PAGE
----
|Evolution / All The Planet's Wonders|
|Written by Craig Thomson|
|Published on Sunday, 03 August 2008|
The Fringe previews are an odd beast. Festival-goers might see them as a chance to get in to the expensive venue chains and see some middling-to-big names on the cheap; but for performers, the previews are very much a chance to test out routines on audiences before the main event begins. The reason you’re only paying a fiver instead of £12.50 is because the show isn’t quite finished yet: some punchlines fall flat, some material is a little under-written, and some bits haven’t been properly memorized.
On that basis, it would be unfair for reviewers to start reviewing in earnest until performers have started performing in earnest. But there was still enough on display in previews for two charming female comedians at the Pleasance Courtyard last night to recommend them.
Following up last year’s Complete and Utter Conti, ventriloquist Nina Conti pairs up again with her long-time sidekick, the foul-mouthed Monkey, in Evolution. Flitting from the origin of the species to the nature of Nina and Monkey’s relationship, via Sir Sean Connery’s dalliances in south-east Asia and more costume changes than you’d think possible in an hour-long show, the appeal rests on the contrast between Conti’s butter-wouldn’t-melt appearance and the boorish behaviour of her simian sock-puppet – whose frequent ‘did he really say that?’ outbursts had the audience floored. Some of the segues felt a little laboured, and once or twice left the crowd wondering if the show was over. And a couple of dolls in the supporting cast felt a little redundant... but these issues will certainly be smoothed out in the full run. Catch her if you can, to enjoy some old-school vaudeville talents given new relevance – and watch out for a surprise cameo by a familiar name.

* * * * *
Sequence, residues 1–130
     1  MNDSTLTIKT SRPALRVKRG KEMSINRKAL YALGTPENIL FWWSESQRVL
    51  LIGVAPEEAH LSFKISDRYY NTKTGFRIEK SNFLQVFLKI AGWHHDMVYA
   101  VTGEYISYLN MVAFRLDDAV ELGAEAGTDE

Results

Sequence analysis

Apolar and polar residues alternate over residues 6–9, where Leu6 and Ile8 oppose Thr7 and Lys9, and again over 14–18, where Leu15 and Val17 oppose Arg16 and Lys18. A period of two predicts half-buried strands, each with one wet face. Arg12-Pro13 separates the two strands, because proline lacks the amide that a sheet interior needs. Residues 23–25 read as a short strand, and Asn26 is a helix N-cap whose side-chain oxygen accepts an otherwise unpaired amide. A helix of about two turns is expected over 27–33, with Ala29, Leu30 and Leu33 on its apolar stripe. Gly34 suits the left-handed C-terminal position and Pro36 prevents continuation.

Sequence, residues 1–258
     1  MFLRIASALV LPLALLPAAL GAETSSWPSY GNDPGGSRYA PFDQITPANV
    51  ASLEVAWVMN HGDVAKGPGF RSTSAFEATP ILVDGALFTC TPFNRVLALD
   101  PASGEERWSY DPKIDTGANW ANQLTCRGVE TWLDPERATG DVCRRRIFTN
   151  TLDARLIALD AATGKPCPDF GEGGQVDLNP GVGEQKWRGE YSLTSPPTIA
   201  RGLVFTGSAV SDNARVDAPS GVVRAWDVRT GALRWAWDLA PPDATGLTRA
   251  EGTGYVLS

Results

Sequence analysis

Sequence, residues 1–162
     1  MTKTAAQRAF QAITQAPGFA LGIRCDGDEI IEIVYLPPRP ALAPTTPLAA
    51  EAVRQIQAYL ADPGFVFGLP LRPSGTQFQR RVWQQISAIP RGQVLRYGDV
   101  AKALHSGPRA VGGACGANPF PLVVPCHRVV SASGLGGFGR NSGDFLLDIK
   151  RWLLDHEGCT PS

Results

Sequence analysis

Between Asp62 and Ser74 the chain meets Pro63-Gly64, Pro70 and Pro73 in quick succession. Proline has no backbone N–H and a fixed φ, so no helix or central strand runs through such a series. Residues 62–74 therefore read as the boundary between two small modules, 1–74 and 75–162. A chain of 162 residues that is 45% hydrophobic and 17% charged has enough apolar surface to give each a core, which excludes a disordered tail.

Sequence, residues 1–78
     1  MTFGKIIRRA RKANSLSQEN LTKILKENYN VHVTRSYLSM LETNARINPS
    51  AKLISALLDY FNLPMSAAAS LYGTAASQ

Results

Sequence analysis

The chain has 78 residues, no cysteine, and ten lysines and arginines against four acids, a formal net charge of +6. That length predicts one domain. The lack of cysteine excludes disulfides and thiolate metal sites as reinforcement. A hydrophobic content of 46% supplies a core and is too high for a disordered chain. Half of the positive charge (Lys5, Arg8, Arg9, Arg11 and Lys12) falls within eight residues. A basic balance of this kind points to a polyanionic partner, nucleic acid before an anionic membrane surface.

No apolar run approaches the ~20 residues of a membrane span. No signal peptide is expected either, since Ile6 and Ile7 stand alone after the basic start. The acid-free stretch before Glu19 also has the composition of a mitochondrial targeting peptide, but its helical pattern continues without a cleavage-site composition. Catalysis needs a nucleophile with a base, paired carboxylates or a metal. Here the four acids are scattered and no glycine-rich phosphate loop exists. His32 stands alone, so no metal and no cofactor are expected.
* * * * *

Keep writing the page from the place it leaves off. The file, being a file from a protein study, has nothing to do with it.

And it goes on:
While Conti took us back in time with Evolution, Josie Long sends us out to space with All of the Planet’s Wonders. Astronomy is just one of the branches of human thought she ponders, however, as she attempts to inject more scientific rigour into her life. Long (for whom the epithet ‘sweet’ must be nearly as well-worn as ‘plate-faced’ is for Jimmy Carr) won the Fringe newcomer award in 2006, and will be a familiar face to those of a certain age from her guest-star and writing spots on the achingly youthful C4 hit Skins. I managed to catch her excellent set last year – although it seems The Guardian disagreed with my assessment, as Josie tells it – and her Fringe 2008 routine is more of her trademark enthusiastic repartee and recollections, a smarter and less nasty breed of stand-up than you normally find in Edinburgh. If you’ve seen her before, this may feel a little like more of the same – but you’re allowed more if it’s good for you. And if you haven’t, then you simply must, making sure you sit stage right on the front row.
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FROM OUR ARCHIVES
These are archived reviews of shows from Edinburgh 2008. We keep our archives online as a courtesy to performers, and for readers who'd like to research previous years' reviews.